Anti-Israel British lawmaker to step down

Baroness Jenny Tonge, notorious for anti-Israel statements, will step down from House of Lord but continue her pro-PA activism.

Elad Benari ,

British parliament
British parliament

Anti-Israel British lawmaker Baroness Jenny Tonge is to step down from the House of Lords on February 19, the UK Jewish News reported on Sunday.

Tonge, who resigned from the Liberal Democrats after being suspended for comments deemed to be anti-Semitic, made clear she will continue her activism for Palestinian Arabs even after retiring.

“I have always promised myself and my family that I would retire when I am 80 years old which is in mid- February. I informed the authorities some months ago,” she told Jewish News.

“Indeed I think many of us should retire from the Chamber at my age—there are far too many people in the Lords. However, I shall continue to campaign for justice for the people of Palestine,” added Tonge.

Tonge has repeatedly spoken out against Jews and Israel.

In 2004, she said that she would consider becoming a suicide bomber if she were an Arab living in the Palestinian Authority.

In 2006 Tonge said that “the pro-Israeli lobby has got its grips on the western world, its financial grips. I think they've probably got a grip on our party.”

Four years later, in 2010, Tonge accused Israel of being the “cause of terrorism” and said that the West's treatment of Muslims was caused by what she called “Holocaust guilt” and the “power of the pro-Israel lobby”.

In 2012, she resigned from her position of party whip, a task equivalent in the United States to speaker, after she spoke about Israel’s demise at an event promoting the boycott of the Jewish state.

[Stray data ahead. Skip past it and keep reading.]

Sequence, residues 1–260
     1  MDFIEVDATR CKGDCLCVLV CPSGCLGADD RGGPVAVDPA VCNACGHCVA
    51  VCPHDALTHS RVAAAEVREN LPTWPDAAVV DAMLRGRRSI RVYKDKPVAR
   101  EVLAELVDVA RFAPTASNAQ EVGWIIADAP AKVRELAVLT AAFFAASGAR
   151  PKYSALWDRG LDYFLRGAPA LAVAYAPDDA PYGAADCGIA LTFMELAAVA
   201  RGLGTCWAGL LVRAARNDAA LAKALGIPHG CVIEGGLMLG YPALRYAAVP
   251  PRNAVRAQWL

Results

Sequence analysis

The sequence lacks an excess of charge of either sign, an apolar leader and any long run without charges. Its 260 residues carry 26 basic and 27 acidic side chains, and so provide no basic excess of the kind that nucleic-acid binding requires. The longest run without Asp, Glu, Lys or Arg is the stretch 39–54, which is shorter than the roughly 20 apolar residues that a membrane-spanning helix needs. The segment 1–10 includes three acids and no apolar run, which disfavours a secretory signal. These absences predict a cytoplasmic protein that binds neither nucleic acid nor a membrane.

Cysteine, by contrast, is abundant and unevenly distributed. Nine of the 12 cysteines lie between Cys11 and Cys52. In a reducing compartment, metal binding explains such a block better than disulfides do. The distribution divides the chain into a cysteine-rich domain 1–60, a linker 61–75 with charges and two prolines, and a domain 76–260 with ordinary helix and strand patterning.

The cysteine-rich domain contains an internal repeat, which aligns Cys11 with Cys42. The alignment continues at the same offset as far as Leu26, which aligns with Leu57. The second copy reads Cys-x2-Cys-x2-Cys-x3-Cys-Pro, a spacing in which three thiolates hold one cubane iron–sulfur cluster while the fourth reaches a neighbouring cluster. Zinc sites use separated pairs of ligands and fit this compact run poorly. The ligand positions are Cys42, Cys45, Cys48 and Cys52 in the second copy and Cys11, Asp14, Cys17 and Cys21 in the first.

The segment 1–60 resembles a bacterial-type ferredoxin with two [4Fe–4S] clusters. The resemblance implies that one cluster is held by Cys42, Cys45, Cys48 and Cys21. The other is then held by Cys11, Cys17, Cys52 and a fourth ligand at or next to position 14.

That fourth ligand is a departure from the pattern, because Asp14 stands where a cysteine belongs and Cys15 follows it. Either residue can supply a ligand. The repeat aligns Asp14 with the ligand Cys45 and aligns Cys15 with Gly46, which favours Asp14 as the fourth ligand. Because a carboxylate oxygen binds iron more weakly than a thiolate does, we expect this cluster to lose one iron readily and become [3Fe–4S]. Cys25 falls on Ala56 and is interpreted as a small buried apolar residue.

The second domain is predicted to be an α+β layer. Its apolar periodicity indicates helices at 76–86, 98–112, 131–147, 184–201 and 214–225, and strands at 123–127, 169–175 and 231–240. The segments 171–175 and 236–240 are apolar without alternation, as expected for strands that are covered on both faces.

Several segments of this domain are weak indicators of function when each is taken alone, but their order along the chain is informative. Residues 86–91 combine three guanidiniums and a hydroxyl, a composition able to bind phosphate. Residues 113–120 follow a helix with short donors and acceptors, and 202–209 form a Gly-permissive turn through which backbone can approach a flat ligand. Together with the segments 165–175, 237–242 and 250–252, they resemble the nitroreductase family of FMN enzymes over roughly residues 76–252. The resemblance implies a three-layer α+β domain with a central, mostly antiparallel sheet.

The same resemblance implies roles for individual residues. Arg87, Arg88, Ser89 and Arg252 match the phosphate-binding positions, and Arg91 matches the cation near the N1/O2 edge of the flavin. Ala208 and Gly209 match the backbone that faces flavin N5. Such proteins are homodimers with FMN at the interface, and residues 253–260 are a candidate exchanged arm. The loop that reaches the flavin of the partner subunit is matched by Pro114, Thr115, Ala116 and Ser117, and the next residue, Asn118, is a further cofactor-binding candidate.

In 2016, Tonge was suspended by the Lib Dems after hosting a meeting at the House of Lords in which one audience member blamed Jews for the Holocaust and Israel was compared to the Islamic State (ISIS) terrorist group.

The following year, she accused the Community Security Trust (CST), which authored a report finding a rise in the number of anti-Semitic incidents in Britain, of displaying “a perpetual victim mentality” and of failing to help “real decent Jewish people”.

More recently, she took to Facebook to claim that the Chief Rabbi of Britain “must be dancing in the street” after the UK general election which saw the Labour party headed by Jeremy Corbyn suffer its worst defeat since the 1930s.

The post raised the ire of fellow lawmakers who urged Tonge to apologize for the post.

Tonge’s retirement was welcomed by Paul Charney, chairman of the Zionist Federation, who cited her repeated controversies and said that it “should be clear to the reasonably-minded that her activism in support of the Palestinian people had morphed into anti-Semitism long ago.”

“Our House of Lords should never provide a platform for its Peers to espouse such hateful and outrightly anti-Israel and antisemitic comments whatsoever. We hope the House will be a better place for all without her,” he added.